Tending includes triggers that are intended to protect one self and children. Befriending involves the creation and maintenance of social networks. 5. Can you think of why this alleged gender difference in fight-or-flight and tend-and-befriend may “make sense” from an evolutionary perspective? I think the alleged gender difference in flight-or-light and tend-and-befriend may “make sense” from an evolutionary perspective because the womens’ main purpose were to cultivate and protect their offspring.
If children are to be given the best start they can possibly have then, parents must be provided with sufficient support to enable then to fulfill their child rearing obligations. Parenting Ideology and Perceptions of Parenthood Romagnoli, and Wall (2012) introduce the concept of ‘intensive mothering’ in which they characterize as the ideal form of parenting. They contend that “intensive mothering is centered solely on the needs of children, which have expanded, beyond the physical to include emotional, psychological and cognitive needs.” They go on to say that the transition to the concept of intensive mothering began in the 1990’s during a time when researchers began touting the intellectual and psychological effects of one-on-one time, play and different cognitive activities with infants. Susan Allen’s study on parent’s perceptions of intervention practices revealed that participants felt a need for support and encouragement in their parenting practice. This support was paramount in establishing their confidence in their ability to parent effectively (Allen.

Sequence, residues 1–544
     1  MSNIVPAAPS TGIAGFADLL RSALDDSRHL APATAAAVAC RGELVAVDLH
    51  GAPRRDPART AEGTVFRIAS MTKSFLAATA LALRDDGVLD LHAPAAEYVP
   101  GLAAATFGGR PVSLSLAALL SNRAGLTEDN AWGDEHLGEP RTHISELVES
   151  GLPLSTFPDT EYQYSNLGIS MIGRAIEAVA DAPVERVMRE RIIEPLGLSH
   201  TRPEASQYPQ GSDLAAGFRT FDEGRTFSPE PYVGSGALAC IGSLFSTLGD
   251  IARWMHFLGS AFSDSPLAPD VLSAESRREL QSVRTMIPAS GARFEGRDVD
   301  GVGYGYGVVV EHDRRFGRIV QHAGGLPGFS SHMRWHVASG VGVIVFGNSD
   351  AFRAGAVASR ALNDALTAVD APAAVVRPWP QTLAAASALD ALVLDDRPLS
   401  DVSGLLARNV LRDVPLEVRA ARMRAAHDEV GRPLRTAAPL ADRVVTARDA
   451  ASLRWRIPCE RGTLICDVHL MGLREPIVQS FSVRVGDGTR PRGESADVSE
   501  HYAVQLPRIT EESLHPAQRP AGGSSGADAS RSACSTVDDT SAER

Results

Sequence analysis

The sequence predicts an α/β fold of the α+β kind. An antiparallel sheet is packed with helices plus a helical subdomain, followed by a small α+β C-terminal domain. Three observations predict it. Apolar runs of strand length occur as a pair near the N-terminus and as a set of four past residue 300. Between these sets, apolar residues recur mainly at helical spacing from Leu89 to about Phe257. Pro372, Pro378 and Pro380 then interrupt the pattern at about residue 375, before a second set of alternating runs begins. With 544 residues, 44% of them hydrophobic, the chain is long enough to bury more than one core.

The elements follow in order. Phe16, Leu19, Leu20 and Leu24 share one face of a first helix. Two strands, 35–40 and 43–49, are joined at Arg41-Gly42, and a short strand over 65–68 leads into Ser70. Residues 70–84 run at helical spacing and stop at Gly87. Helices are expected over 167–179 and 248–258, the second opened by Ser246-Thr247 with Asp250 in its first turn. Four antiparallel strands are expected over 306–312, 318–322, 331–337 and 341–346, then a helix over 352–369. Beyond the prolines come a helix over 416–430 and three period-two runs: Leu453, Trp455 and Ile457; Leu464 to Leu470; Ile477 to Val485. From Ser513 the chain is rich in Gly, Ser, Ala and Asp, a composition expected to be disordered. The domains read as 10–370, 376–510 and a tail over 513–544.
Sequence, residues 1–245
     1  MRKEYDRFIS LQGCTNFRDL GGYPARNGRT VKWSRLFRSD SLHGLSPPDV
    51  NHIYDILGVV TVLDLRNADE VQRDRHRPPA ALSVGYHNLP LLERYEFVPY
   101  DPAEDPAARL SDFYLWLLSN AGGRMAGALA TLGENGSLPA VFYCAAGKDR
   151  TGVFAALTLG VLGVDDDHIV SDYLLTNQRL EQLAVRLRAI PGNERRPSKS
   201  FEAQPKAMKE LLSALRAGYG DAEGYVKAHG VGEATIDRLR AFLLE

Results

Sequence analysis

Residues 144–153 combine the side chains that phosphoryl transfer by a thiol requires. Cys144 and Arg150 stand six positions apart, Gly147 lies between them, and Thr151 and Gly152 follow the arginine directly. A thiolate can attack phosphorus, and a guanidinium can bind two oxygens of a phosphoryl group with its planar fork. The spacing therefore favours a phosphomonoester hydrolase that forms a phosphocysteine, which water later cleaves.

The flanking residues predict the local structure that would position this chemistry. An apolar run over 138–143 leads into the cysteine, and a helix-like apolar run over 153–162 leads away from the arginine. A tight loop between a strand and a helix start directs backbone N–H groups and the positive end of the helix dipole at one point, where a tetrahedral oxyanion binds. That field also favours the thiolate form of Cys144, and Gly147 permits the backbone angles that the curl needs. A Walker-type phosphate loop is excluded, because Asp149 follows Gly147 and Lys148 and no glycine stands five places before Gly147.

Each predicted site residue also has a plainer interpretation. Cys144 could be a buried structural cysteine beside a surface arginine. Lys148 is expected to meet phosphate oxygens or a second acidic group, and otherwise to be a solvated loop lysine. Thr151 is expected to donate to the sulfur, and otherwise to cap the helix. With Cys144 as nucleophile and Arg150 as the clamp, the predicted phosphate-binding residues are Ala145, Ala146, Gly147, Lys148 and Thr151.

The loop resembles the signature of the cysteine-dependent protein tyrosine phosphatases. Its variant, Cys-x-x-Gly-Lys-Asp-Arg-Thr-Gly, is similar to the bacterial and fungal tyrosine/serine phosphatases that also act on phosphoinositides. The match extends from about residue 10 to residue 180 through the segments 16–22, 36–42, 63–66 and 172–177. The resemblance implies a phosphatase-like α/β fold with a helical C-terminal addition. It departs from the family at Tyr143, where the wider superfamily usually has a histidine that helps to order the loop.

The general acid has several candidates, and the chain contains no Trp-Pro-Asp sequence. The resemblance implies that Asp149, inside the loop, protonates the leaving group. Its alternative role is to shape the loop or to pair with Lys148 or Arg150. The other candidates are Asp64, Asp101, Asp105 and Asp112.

Nature in its plan has devised the sensitive period so as to achieve the construction of the psychic organ and also put an instinct in mother’s that guide them to give protection. Sensitive periods are: 1) Sensitivity to order. The child’s need for order is based on a precise and determined environment. It can be
Attachment, which emerges gradually during the first year and may be an outgrowth of the parent/infant bond, is a strong emotional relationship directed from the infant to the parent or some other significant person. It is based on the quality of the interactions between the child and the parent or caregiver (Black et.al., 1992). Bowlby believed that an infant and its primary caregiver form an attachment. He argued that the newborn is biologically equipped to elicit attachment behaviour. The baby cries, clings, coos, and smiles.